Council Of Fire – Snippet 03
“It’s just a storm, General. Nothing unnatural about that.”
“And the bright light on the horizon? What might that be, my Lord?”
“I wish I knew. Please feel free to give me your thoughts, sir. I am sure you will do so whether I solicit them or not.”
Wolfe appeared ready with an angry response, but seemed to bite it back. “I am concerned for the welfare of the royal person we carry aboard,” he said. “I assume that you are doing whatever you can to get us away from this storm.”
“I have only so much control,” Saunders said. He wanted to add the words as you know, but concluded that Wolfe probably had no idea what was involved in making an Atlantic crossing–he likely spent most of them hurling his dinner over the side or collapsed on his bed. “And the royal person is an officer of this ship. A valued senior officer who, despite his youth, has more than proved his mettle.”
“Nevertheless, if anything were to happen to him–”
“I fail to see where this discussion is going, General. Perhaps you will be so kind as to let me attend to my business.”
“If I can be of assistance–”
“You can stay out of the way, sir. And for pity’s sake try not to be washed overboard. I might be court-martialed if I lost His Highness, but if I were to lose you it would be endless paperwork.”
The storm blew harder and harder. General Wolfe bravely stayed abovedeck, but out of the way of the sailors and well back from the railings–which was just as well, Saunders thought; four able seamen were washed overboard as Neptune pitched and struggled at waves and in wind he had never seen in any Atlantic crossing–or anywhere at sea, ever in his life; not rounding the Cape of Good Hope, not circumnavigating the globe with Lord Anson in Centurion.
And unlike any storm he had ever known, it was cast in an unearthly pall of yellowish-gray light that dominated the eastern sky from the horizon to forty degrees azimuth–like a huge sun that gave no warmth. There was no point in trying to raise signal flags, since there was no one in sight to spy them.
There was no dawn–at least none to be seen from the decks of Neptune–but when the ship’s chronometer recorded a time a few bells after sunrise, a cloud of glowing mist gathered aft of the ship, emanating–so it seemed–from the glow at the horizon. Neptune was making a remarkable headway, a steady eight knots due westward by the compass. The cloud moved considerably faster, overtaking the ship and cloaking it for two to three minutes, making sight nearly impossible and smothering sound.
Saunders was unwilling to stray very far from the pilothouse. He could not even make out his own quarterdeck. As he looked out across the main deck, though, he thought he made out a familiar figure-a tall man dressed in a uniform of antique style, who gazed sternly back at him.
“My God,” he said to no one in particular. “Admiral Wager–I–”
He began to move toward the figure but nearly collided with Wolfe, who looked more gaunt and sick than usual, but his eyes were frantic. In total violation of decorum or protocol, he grasped Saunders by the shoulders.
“It’s Neddy,” Wolfe said. “My Lord Admiral, why is Neddy aboard this ship?”
Then, suddenly, Wolfe seemed to realize what he was doing and let go of Saunders. “I’m–I’m sorry, My Lord. I beg your pardon. But look–” he gestured toward where the admiral had seen his long-dead superior, Sir Charles Wager, Admiral of the White.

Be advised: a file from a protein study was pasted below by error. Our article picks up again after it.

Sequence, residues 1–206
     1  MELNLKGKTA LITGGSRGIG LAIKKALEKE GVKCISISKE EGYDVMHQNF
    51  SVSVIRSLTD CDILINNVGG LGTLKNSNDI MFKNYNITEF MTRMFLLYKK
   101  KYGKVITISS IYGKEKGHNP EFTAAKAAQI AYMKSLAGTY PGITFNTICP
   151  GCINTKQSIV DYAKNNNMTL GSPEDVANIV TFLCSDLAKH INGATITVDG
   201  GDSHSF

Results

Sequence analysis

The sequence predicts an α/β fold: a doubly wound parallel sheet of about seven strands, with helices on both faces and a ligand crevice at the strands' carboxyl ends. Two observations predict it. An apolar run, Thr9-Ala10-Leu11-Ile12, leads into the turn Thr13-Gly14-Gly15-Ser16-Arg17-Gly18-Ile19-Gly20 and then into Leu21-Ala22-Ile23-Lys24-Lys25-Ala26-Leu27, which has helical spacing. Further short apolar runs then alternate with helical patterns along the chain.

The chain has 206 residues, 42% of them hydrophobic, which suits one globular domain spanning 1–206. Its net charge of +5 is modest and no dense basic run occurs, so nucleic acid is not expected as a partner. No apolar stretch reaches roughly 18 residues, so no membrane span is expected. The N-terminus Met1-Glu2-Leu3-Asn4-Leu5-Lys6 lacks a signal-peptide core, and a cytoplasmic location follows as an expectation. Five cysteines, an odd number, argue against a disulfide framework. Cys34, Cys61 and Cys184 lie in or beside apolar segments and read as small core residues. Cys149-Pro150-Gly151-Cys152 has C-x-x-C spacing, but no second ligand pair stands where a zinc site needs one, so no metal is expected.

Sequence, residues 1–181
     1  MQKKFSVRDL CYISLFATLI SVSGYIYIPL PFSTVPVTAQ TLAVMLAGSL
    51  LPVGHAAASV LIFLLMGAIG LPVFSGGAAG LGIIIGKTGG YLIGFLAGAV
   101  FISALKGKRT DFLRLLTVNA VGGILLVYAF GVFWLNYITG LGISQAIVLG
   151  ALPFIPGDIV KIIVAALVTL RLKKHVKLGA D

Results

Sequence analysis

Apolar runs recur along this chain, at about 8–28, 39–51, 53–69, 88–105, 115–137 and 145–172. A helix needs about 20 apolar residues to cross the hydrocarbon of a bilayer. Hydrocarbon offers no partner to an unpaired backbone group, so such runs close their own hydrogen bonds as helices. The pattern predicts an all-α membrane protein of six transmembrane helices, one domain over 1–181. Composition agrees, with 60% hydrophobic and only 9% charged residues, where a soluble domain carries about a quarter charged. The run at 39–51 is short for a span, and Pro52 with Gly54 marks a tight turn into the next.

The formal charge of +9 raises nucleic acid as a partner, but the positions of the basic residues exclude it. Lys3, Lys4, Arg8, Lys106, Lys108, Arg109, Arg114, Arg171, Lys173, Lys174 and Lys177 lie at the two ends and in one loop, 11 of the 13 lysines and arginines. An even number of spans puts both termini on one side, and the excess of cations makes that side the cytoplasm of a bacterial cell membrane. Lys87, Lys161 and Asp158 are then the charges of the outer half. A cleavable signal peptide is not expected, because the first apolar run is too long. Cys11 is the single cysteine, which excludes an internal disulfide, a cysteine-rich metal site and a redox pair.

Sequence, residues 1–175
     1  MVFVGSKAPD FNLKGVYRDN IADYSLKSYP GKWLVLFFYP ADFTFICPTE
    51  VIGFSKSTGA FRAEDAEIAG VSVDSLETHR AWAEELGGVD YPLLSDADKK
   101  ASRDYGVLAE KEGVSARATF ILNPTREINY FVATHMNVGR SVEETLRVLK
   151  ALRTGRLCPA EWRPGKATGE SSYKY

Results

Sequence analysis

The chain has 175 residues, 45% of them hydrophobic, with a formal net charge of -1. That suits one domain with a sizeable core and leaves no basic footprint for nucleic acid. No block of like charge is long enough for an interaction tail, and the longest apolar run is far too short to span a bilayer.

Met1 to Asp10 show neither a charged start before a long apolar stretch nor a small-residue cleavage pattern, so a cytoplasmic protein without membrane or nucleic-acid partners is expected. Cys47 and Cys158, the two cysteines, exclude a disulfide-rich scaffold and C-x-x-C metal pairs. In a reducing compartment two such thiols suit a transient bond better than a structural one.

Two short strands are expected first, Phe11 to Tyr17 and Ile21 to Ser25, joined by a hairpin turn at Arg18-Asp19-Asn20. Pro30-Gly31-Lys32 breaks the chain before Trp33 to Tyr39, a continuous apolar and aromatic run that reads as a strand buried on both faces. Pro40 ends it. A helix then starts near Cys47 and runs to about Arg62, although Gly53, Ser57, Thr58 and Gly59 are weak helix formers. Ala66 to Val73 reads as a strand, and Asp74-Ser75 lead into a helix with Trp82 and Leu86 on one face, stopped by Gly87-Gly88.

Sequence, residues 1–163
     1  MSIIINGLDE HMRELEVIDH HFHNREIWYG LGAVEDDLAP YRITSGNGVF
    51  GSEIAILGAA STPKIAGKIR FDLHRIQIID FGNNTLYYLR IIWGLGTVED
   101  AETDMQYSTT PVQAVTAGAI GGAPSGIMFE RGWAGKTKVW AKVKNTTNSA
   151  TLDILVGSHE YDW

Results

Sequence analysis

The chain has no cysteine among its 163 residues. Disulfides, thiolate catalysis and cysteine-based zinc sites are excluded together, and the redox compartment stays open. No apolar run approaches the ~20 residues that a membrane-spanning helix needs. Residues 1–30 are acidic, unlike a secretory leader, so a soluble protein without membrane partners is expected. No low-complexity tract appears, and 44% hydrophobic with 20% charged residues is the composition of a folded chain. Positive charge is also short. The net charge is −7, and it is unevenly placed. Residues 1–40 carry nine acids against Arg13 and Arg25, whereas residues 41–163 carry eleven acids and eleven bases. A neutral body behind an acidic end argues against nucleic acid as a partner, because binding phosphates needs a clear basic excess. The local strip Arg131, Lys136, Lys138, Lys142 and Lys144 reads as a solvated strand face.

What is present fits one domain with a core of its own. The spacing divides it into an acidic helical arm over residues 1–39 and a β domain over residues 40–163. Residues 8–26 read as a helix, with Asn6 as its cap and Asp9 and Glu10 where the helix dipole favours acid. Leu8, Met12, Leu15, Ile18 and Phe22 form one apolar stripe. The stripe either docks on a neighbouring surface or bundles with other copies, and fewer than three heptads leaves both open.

Now he saw nothing at all. “What are you talking about, man? And who is Neddy?”
“My . . . my brother, My Lord. My brother Edward. But . . . he died. Long ago, in Flanders, when we were both on campaign with the Pragmatic Army.”
Wolfe looked away, then back at Saunders with a fierce expression. “But I saw him so clearly–dear old Ned–”
Saunders had a sickening feeling in the pit of his stomach. He had seen someone as well: Sir Charles Wager, sixteen years in the grave. It made no more sense than Wolfe’s vision of his dead brother.
“Pull yourself together, General,” he said after a moment. “The fog–this blasted fog is playing tricks on your eyes. And if you are seeing things, everyone else might be as well.
“Mr. Prince!” he called out. “Mr. Prince, are you on deck?”
From somewhere in the murk he heard an answer–something inarticulate, between a cry and a shout.
“Mr. Prince! This is the admiral. Report, sir!”
Prince Edward seemed to stagger out of the fog, like a man who hadn’t gotten his sea-legs–or, Saunders thought to himself, like a man who had seen a ghost. The prince stopped and straightened, offering a smart salute–but Saunders could see some pain, or perhaps fright, on his face.
“Reporting, My Lord,” he said.
“Call the roll of the watch, Mr. Prince. See to it that the men are all accounted for. At this speed we’ll come out of this fog shortly, and I’ll want us to be properly manned and the sails correctly trimmed.”
The prince hesitated for only a moment and then said, “Very good, sir.” He saluted again and turned, vanishing into the fog.
“You saw something,” Wolfe said quietly. “You saw someone. And so did he.”
“We’ll discuss this later, General,” Saunders said, pushing past Wolfe and out of the pilothouse.
Fifteen hours after it began it began to subside, with Neptune still making headway westward–but there was no other means of determining their location other than to note that the ship was beset with ice floes, suggesting that they had been driven far to the north. Neptune was alone in a partially frozen sea, with a leaden sky above and choppy, icy water beneath.
There was no other ship in sight.
The sea giveth and the sea taketh away. But it was unclear just then what the sea had given them.